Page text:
Official guidance for Art Market Participants was published in early February. You can download the guidance from this page: https://www.gov.uk/government/publications/art-market-participants-guidance-on-anti-money-laundering-supervision
HMRC webinar from 8 January 2020
https://register.gotowebinar.com/recording/747271573359591398 which provides an excellent overview of the regulatory framework, the HMRC's role and your obligations. It does not tell you how to implement all the steps but it does tell you what each business is required to do.
Registration and fees - https://www.gov.uk/guidance/register-or-renew-your-money-laundering-supervision-with-hmrc
UK HMRC Anti Money Laundering Supervision homepage - https://www.gov.uk/topic/business-tax/money-laundering-regulations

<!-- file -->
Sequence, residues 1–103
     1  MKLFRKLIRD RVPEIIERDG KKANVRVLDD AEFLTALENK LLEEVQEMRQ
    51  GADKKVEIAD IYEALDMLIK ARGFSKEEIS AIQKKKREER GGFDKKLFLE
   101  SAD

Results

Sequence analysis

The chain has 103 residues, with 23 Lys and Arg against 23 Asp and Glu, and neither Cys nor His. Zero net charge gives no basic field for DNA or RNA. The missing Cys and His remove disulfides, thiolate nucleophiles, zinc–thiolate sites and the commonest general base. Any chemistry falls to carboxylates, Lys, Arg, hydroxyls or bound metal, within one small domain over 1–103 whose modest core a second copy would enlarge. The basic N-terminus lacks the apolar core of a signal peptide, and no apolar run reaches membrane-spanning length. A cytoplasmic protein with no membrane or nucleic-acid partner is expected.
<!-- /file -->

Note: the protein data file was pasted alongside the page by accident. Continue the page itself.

Home Office guide to checking identity documents - https://www.gov.uk/government/publications/recognising-fraudulent-identity-documents
For a list of higher-risk countries, known as “jurisdictions of concern” -http://www.fatf-gafi.org/countries/#high-risk
List of countries with “Financial Sanctions” imposed by the UK - https://www.gov.uk/government/publications/financial-sanctions-consolidated-list-of-targets
HM Treasury offers a free email alert service when Financial Sanctions list is updated. You can sign up from the same page shown above.
For making Suspicious Activity Reports (SARs), visit the National Crime Agency (NCA), - https://www.ukciu.gov.uk/saronline.aspx